A bursectomy is a minimally invasive procedure that involves removing an injured or infected bursa. This is a small fluid-filled sac that protects the joints and enables them to move more efficiently. A bursectomy can achieve long-term relief for those who struggle with joint pain.
Use this guide to learn more about the bursa and when a bursectomy may be necessary.
Your joints are complicated structures that require the cooperation of bones, muscles, ligaments, tendons, and other soft tissues. They allow your body to move and perform everyday activities.
A tiny fluid-filled sac, known as a bursa, is located between soft tissues and your bones. The membranes of these sacs are filled with synovial fluid. This thick substance helps to cushion the bone and reduce friction on the joints. This fluid also delivers nutrients and removes waste from nearby soft tissues.
When the synovial membrane of a bursa becomes inflamed, this results in a condition known as bursitis. During bursitis, the bursa creates excess synovial which is thicker than usual. This causes the bursa to swell. Inflammation can be caused by excessive friction, a joint injury, infections, or certain types of arthritis.
This condition is common in the hip, elbow, shoulder, big toe, and Achilles tendon. Symptoms include joint pain and stiffness, swelling, restricted movements, and possibly a fever.
Conservative treatments like anti-inflammatory medications, antibiotics, or physical therapy are often the first line of defense for bursitis. If the pain persists, a minimally invasive procedure, known as a bursectomy, may be necessary.
During a bursectomy, an orthopedic doctor applies local anesthesia to the affected area. Using a small incision, the inflamed bursa is opened. The doctor places a small draining tube in the area to remove excess fluid. This draining tube may stay in the body for a few days. During that time, antibiotic medications are given to prevent infection.
Sometimes simply draining the fluid doesn’t help relieve pain. At this point, the orthopedic doctor may elect to remove some or all of the inflamed bursa. If the doctor removes only part of the bursa, there is a chance it will grow back to its normal size.
For those suffering from hip bursitis, the doctor may elect to perform an arthroscopic bursectomy. During this procedure, the doctor inserts a tiny camera, known as an arthroscope, into the affected hip. Using images from a nearby screen, the doctor can use special tools to drain any excess fluid or remove the bursa from surrounding soft tissues.
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A bursectomy can provide long-term relief for those who suffer from bursitis symptoms. If you haven’t responded to more conservative treatments, this procedure can help relieve pain and regain mobility.
Athletes may benefit from this procedure if they continue to experience bursitis symptoms while playing the sport they love. In addition, those with septic bursitis—a bacterial infection of the bursa—may need the excess pus to be drained for a period of time. Those with a more aggressive infection sometimes need the bursa to be removed so the infection doesn’t spread or keep coming back.
A bursectomy is a minimally invasive procedure. A smaller incision means less scarring and damage to the body. Since the doctor does not need to use more traditional open surgery, you could expect less pain and a faster recovery time. This means you can be back to doing what you love quicker and with fewer pain medications.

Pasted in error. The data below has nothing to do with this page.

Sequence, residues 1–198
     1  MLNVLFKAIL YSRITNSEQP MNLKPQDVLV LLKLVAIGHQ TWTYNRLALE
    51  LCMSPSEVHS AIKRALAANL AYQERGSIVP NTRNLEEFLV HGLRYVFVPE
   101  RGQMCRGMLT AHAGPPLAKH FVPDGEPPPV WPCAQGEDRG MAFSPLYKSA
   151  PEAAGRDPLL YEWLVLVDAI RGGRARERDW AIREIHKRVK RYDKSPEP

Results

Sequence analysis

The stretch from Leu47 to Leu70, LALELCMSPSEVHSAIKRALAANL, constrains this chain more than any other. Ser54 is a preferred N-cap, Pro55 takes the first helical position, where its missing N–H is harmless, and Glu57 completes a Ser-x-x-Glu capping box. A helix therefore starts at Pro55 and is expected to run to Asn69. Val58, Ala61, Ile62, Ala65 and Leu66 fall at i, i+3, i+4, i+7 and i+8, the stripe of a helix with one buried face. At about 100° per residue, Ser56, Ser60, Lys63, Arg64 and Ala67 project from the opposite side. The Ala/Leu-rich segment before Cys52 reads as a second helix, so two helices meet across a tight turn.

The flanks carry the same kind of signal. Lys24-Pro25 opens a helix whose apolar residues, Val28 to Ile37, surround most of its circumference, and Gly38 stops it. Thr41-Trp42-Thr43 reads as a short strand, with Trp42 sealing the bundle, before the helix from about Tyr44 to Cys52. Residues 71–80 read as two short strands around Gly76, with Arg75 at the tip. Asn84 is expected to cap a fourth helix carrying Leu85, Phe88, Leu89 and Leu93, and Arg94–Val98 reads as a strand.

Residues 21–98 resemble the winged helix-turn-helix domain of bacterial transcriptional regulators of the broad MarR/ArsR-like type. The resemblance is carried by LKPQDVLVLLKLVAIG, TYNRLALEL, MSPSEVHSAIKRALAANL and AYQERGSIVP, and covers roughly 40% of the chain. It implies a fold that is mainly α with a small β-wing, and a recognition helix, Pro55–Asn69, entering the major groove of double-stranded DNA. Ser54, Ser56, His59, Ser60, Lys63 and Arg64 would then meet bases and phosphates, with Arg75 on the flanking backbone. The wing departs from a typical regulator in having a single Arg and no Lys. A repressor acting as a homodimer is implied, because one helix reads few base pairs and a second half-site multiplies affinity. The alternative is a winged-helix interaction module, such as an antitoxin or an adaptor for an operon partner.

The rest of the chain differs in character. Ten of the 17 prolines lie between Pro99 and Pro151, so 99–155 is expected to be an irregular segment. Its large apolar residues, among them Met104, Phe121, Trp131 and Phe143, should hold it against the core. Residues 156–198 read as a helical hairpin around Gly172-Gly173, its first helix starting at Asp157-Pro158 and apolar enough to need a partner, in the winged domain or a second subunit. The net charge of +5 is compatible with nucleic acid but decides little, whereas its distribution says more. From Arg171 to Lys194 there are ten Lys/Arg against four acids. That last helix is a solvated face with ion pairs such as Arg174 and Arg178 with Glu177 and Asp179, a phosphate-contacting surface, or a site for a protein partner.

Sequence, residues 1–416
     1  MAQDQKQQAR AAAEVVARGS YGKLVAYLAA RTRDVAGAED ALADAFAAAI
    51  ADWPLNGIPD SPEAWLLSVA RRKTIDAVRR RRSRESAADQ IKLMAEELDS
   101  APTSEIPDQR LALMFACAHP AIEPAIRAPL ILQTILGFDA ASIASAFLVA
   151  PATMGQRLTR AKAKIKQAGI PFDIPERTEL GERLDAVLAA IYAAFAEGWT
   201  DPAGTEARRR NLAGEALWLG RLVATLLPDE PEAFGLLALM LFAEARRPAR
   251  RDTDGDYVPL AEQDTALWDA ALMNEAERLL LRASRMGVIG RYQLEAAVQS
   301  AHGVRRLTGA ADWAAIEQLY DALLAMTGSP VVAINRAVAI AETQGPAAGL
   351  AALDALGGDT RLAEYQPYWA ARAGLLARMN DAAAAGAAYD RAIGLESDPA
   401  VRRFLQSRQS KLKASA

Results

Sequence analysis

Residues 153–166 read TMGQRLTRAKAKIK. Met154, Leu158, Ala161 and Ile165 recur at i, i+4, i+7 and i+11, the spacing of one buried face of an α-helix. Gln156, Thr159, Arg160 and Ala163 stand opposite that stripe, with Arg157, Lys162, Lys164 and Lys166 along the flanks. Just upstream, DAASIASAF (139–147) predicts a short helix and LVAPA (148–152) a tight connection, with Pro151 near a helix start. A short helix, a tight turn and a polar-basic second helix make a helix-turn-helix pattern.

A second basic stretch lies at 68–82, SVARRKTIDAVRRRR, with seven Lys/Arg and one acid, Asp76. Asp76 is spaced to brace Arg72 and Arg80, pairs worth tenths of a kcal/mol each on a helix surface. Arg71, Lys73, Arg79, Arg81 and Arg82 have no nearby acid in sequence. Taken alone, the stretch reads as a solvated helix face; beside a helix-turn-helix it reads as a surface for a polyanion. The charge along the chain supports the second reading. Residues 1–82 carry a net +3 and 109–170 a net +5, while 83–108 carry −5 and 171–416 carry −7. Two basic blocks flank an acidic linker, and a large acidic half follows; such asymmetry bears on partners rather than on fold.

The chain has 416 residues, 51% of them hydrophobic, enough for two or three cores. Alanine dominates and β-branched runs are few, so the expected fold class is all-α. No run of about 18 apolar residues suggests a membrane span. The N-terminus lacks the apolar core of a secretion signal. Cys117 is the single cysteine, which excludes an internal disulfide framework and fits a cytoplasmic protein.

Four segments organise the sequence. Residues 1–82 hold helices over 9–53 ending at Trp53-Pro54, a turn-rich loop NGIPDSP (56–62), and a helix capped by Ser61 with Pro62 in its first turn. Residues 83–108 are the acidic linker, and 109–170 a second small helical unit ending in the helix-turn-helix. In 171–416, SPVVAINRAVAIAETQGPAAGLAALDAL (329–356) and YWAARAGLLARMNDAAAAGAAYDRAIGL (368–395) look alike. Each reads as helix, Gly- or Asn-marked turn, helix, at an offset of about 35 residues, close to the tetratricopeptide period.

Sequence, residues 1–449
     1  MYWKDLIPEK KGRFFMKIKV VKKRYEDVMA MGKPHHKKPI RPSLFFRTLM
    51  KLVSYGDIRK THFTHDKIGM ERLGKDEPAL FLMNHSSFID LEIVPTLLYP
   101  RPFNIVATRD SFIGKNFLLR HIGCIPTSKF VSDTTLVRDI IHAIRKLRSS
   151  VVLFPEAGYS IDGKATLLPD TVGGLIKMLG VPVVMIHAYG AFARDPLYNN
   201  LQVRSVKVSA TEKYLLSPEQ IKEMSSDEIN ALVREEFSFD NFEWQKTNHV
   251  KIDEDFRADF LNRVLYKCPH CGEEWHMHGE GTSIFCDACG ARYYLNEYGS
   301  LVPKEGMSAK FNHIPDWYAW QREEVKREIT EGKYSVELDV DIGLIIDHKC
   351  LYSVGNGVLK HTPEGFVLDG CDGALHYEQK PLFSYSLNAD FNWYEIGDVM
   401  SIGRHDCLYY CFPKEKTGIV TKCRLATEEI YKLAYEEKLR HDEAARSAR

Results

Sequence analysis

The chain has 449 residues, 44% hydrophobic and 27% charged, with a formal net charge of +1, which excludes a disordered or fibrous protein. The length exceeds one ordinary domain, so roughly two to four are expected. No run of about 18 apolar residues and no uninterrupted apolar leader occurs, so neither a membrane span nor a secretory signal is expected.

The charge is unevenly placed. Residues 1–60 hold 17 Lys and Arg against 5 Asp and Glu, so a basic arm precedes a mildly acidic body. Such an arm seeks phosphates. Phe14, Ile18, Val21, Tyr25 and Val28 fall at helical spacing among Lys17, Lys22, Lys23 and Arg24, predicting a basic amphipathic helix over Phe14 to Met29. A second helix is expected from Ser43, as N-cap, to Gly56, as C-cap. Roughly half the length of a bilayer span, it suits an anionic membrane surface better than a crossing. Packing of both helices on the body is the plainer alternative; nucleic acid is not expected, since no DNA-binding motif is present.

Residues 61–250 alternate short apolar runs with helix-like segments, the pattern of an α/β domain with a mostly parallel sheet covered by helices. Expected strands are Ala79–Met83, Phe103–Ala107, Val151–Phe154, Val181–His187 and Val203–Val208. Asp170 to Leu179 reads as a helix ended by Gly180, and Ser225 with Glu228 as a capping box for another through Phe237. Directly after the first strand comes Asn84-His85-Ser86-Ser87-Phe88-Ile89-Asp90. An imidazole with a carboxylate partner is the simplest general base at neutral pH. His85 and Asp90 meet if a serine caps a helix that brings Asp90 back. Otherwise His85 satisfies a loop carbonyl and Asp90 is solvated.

A bursectomy is typically an outpatient procedure. This means you can return home the same day. In many cases, the doctor prescribes pain medications and antibiotics after the procedure. You will need to rest the area for up to a few weeks. This depends on the area and severity of your bursitis.
After a bursectomy, physical therapy may be necessary. This helps to strengthen and restore function to the joint and surrounding soft tissues. A physical therapist performs manual manipulations and prescribes a set of exercises you can do at home. In some cases, you may need a brace or other assistive device to keep pressure off the area.
Many people can expect a full recovery in 4 to 6 weeks.
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If your joint swelling or pain persists after resting the area or using over-the-counter medications, you should consult with a doctor. Diagnosing bursitis usually involves a review of your medical history and a complete physical examination. During the physical exam, the doctor presses on spots around the affected joint to determine if your bursa is responsible for the pain.
The doctor will ask about the onset of your symptoms and what activities make them worse.
Sometimes a doctor orders imaging tests like x-rays or MRIs to take a closer look at the affected area. In addition, lab tests may be ordered to find out the cause of your inflammation.
Once a thorough examination is complete, your doctor will suggest the best course of action to help relieve your bursitis symptoms.
Here are some of the common conditions a bursectomy may help:
Are you tired of giving up the things you love due to pain? NJ Spine & Orthopedic wants to help you once again enjoy the life you desire. We understand how pain affects your life. This is why we want to empower you with the knowledge and resources to once again live pain-free.
Our experienced team of orthopedic doctors and therapists will work with you to find the most appropriate treatment options. We will accurately diagnosis your joint pain and find the most conservative approaches to help you. If surgery is required, our doctors at NJ Spine & Orthopedic specialize in the latest minimally invasive techniques that are proven to deliver less pain and faster recovery times than open surgery.
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